I have no doubt that no matter how many of these things I actually get to do, I will still manage to have a great time, learn a lot, and get a ton of awesome ARCs. See you there!
Several years ago, when and Betty Carter and I were collecting information for a School Library Journal article about YALSA’s 50th year anniversary, an opportunity arose for me to talk with Jane Manthorne, 1971-1972 YALSA [YASD] President. Our conversation was delightful, so it was with sadness that I read a notice of her death of February 12, 2010, and learned more about the rich, active life she’d led. Below is a link to her obituary, but I wanted to share some of our phone conversation. Continue reading
Your Teens Could Help Choose the Teens’ Top Ten! Applications for the 2010-2012 round of YALSA’s YA Galley project are due on Tuesday, June 1. These fifteen book groups will choose the nominations for the Teens’ Top Ten and much more. Learn more and apply at www.ala.org/teenstopten.
Apply for a Teen Read Week Mini Grant (and register, too!) Applications are due Tuesday, June 1, for the Teen Read Week Mini Grants ($450 in cash plus $50 in Teen Read Week products!). Teen Read Week will be celebrated Oct. 17-23, with a theme of Books with Beat @ your library, which encourages teens to read poetry, audiobooks, books about music and more, for the fun of it. Learn how to apply, and register, at www.ala.org/teenread.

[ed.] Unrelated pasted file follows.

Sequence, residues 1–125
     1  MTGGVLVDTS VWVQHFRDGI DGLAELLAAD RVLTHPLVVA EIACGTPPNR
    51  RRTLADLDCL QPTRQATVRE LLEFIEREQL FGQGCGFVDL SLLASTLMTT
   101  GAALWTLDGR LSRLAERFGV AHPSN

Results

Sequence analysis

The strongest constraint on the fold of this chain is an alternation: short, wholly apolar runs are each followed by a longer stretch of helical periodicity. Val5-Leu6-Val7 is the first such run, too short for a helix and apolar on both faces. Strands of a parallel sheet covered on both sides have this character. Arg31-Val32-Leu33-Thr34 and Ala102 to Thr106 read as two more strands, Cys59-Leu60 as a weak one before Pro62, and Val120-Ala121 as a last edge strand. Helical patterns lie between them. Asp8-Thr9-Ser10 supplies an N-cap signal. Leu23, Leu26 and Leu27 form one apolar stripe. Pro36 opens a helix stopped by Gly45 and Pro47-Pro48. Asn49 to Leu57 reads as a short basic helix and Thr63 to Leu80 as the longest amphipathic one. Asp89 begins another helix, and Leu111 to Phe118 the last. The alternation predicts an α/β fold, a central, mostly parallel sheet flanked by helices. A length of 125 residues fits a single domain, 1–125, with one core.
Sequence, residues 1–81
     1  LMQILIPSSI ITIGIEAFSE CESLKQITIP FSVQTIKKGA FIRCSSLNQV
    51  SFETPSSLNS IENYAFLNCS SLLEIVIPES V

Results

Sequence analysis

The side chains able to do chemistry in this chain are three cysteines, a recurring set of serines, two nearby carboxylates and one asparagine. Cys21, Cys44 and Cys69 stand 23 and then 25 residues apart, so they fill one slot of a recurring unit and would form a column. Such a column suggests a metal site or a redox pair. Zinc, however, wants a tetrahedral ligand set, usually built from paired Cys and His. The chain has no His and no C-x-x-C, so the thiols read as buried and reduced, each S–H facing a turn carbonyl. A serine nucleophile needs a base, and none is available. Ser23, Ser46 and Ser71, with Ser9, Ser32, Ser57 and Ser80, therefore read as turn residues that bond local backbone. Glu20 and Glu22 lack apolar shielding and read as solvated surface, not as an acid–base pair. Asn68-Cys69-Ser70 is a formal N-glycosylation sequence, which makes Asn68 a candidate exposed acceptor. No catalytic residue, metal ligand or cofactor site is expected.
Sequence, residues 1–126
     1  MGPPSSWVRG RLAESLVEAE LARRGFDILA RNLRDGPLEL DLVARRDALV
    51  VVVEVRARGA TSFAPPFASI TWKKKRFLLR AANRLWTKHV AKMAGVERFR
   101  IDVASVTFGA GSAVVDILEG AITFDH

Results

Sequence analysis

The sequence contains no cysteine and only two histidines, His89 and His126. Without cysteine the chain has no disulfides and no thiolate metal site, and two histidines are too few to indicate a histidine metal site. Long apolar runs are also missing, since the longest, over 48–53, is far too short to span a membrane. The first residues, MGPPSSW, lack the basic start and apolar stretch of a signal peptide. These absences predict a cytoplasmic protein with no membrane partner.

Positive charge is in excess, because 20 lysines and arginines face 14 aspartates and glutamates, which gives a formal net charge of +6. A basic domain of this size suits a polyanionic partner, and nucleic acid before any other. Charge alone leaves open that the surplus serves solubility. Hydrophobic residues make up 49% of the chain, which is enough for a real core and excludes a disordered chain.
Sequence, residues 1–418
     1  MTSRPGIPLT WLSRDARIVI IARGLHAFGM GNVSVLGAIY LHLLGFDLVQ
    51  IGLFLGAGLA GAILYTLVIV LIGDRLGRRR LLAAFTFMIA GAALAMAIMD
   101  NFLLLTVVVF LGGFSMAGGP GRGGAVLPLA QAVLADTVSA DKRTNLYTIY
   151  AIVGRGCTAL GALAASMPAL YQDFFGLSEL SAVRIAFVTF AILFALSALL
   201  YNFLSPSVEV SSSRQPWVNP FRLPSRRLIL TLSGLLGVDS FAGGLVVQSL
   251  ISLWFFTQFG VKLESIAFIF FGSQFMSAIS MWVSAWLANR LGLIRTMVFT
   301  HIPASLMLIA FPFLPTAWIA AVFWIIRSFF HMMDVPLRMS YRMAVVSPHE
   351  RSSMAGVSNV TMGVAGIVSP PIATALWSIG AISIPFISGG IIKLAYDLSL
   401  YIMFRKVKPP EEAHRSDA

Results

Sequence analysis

After the jump, details on our next Wednesday e-chat, registering for our YA Classics webinar, and more!
I find myself in an odd position.
Despite the prevailing wisdom that teens don’t tweet–a notion that gets thrown around on this blog, not to mention other online news sources and research groups like Pew–I seem to have found that rare enclave of teens who do tweet. By my count, right now I have 18 followers who are also students at the high school where I work.
My first reaction, of course, was sheer panic.
And then they brought me cupcakes.
Yesterday Twitter (and the web in general) was abuzz with news and reports related to technology, and in particular young people and technology. Was all the news worth paying attention to? Was all the news care-worthy? Here are some thoughts:
Care: Reputation Management and Social Media
The Pew Internet in American Life Project released a report about reputation management and social media. The focus of the report is on how people, of all ages, manage what others know about them through social network environments. Continue reading